I started working on the CS / HCM split full time while helping Palomar College with their split project in 2011. They went live in October with little to no disruption. Sierra-Cedar was fortunate to be part of Oracle’s Early Adopter Program, which gave us frequent access to the right individuals in the Oracle Campus Solutions group when we needed help. Since Palomar, I have worked on a large number of split projects with a dedicated group of consultants at Sierra-Cedar. At each split client, regardless of their size, type of institution, or split approach, there are a number of common activities. This blog discusses a few of them.
One of the first steps to any split project is determining the level of impact. Once this is known the remediation may begin. The initial assessment
- Unsynchronized Data Designation & Cleanup – This is both easy and super critical in my experience. We developed and carefully tested a list of tables to be cleaned up in the HR and CS database respectively. We store this data in metadata that is used by a number of our utilities. In general, cleaning up the unsynchronized data is a good idea. What this means is that we delete (technically truncate) the data in tables that should not have data in the post-split database. This is a good thing because you get to save disk space, and you run a lower risk of accidentally using stale data. Sierra-Cedar’s utilities include a web page that will generate truncate scripts, rename scripts, and even alter truncate scripts for db2. Unsynchronized data includes pay checks, student enrollment, etc. This type of data, which is the majority of data in the system, is only maintained in one database or the other going forward. If you have a process, page, query, or whatever that uses data that crosses databases post-split, you have an impact. Every school I have visited has impacts, although there are generally a fairly low number. In my experience, it is during this impact analysis that the post-split metadata provides the greatest value. Sierra-Cedar developed a number of utilities that discover impacts based on this data. These are discussed in the next point.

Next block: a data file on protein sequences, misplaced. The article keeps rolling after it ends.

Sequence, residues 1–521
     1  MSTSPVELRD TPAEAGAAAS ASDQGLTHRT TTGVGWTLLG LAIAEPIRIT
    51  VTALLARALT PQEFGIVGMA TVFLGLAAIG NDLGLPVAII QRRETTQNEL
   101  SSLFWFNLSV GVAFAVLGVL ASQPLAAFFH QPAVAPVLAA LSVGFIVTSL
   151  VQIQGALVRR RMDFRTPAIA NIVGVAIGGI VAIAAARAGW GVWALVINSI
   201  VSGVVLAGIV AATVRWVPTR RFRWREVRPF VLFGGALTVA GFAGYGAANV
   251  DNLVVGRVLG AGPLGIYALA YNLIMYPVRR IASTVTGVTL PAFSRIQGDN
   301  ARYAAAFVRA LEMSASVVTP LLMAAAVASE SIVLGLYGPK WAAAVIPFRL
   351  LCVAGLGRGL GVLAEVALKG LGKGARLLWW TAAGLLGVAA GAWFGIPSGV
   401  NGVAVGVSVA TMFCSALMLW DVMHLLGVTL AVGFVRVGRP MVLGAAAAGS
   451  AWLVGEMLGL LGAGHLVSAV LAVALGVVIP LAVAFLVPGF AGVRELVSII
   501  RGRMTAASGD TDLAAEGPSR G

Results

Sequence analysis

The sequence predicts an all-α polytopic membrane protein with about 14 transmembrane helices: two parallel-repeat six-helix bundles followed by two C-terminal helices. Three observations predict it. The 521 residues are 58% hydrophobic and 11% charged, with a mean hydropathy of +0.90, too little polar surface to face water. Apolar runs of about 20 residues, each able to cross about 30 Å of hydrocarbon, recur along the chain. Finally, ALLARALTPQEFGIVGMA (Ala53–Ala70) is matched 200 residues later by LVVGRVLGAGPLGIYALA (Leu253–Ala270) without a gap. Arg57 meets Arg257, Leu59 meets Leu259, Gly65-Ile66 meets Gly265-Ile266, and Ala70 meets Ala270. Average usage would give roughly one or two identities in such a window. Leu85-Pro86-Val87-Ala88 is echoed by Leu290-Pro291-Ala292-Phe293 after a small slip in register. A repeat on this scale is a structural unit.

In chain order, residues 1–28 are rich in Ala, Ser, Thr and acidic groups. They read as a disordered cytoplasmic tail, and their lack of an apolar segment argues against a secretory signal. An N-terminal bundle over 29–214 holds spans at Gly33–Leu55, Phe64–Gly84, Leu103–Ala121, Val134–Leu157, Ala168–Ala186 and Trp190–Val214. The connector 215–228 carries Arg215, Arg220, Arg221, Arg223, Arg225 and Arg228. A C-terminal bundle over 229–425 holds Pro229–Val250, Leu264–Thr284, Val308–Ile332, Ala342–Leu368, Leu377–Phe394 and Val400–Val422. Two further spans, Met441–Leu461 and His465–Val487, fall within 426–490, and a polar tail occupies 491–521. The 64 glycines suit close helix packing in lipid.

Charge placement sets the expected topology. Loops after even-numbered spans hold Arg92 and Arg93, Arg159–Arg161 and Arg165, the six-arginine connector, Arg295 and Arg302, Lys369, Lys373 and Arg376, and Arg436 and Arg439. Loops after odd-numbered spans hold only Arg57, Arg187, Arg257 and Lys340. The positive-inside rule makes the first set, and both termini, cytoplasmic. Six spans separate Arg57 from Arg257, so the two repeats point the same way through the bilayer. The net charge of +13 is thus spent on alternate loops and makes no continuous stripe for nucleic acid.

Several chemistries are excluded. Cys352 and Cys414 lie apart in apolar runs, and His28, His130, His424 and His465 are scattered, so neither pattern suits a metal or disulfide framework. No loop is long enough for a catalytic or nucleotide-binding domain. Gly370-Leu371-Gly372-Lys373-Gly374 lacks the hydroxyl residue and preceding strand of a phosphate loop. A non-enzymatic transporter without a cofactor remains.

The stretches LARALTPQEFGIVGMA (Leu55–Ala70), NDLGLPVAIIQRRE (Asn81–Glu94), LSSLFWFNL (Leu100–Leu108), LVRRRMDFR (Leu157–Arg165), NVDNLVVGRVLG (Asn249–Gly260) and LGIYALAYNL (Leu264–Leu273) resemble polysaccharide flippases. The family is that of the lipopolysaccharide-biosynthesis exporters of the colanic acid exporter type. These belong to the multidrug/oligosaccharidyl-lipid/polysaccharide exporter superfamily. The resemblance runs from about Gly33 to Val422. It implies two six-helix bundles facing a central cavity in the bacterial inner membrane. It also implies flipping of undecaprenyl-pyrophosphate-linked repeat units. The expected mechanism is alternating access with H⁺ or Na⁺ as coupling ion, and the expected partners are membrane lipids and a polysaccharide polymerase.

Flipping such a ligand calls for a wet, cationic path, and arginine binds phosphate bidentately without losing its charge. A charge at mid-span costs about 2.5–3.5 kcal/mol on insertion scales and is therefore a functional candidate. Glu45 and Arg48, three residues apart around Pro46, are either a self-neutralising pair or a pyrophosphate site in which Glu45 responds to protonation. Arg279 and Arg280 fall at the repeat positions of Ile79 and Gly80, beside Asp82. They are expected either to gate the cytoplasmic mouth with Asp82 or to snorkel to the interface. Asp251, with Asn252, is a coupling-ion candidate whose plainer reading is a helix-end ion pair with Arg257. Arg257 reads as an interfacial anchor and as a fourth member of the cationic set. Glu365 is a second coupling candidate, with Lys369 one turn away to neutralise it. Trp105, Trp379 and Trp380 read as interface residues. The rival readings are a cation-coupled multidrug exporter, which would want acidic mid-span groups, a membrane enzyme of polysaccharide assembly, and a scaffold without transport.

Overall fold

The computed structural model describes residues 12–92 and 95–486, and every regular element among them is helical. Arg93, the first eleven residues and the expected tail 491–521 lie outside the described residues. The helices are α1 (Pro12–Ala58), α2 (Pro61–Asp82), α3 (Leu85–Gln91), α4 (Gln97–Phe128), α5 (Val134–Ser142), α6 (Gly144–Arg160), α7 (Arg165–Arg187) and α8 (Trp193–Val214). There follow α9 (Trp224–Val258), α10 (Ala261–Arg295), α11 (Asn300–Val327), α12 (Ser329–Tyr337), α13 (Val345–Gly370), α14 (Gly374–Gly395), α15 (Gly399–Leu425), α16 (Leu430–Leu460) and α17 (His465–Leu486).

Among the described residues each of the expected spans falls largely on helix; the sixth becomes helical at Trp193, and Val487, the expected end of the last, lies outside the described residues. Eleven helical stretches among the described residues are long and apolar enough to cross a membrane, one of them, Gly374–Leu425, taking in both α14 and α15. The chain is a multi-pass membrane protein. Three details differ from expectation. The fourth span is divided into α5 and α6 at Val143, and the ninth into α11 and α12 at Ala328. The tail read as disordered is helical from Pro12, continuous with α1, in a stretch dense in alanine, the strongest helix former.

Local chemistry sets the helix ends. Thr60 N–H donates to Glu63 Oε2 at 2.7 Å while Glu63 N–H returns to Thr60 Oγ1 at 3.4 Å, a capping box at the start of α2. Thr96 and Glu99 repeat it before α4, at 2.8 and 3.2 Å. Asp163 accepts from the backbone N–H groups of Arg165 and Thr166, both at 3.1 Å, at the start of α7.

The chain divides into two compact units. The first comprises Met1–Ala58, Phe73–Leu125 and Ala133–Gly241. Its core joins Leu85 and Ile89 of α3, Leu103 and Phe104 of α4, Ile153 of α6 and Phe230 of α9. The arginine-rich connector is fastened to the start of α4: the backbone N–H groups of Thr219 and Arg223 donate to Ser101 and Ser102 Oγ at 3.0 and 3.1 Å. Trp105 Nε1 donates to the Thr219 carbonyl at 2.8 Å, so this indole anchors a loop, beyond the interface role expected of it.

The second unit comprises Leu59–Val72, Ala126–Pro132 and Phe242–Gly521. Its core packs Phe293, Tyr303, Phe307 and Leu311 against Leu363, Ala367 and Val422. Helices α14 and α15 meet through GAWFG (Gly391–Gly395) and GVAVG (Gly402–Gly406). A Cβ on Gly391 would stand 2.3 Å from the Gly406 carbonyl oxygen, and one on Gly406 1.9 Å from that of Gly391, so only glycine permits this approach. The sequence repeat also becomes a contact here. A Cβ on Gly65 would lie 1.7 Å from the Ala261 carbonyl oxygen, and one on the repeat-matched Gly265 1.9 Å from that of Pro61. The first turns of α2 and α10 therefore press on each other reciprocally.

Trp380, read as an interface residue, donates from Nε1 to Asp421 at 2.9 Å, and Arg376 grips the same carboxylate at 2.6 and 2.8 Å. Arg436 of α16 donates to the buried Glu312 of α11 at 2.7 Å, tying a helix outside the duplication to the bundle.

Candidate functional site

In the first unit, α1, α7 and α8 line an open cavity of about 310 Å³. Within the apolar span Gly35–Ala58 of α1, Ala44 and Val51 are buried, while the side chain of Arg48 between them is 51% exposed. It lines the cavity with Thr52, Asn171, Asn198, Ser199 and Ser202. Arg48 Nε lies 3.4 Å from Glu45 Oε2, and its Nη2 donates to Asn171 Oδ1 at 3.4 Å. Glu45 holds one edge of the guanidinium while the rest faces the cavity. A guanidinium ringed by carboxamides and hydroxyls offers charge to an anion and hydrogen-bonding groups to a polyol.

- Customization Impact Analysis – This is a hill you can die on.J If you have a significant impact from the split, this is where you will find it. I separate the split related impacts into two categories as follow. The first category, “update impacts”, is custom code that creates/updates/deletes synchronized data (e.g. emails address, job data, etc.), for example, a custom routine that adds student emails to the person data. (I see these email processes every week.) The second category, “read impacts”, is custom code that reads data across databases, for example, a Query or SQR that joins enrollment information to pay check information for course costing.. I also see a lot of work study reporting that joins Financial Aid information to pay check data. The trend I have observed is that most institutions have a handful of “update impacts” and a moderate number of “read impacts.” Sierra-Cedar has developed utilities that will find impacts in Queries, SQR’s (and other text based files – Java, SQL, ASP, etc.), and PeopleTools objects (e.g., records, pages, app engines, app packages, etc.). Thanks to our utilities, it generally takes less than a day to find most impacts! This is an area where we have been saving people loads of time.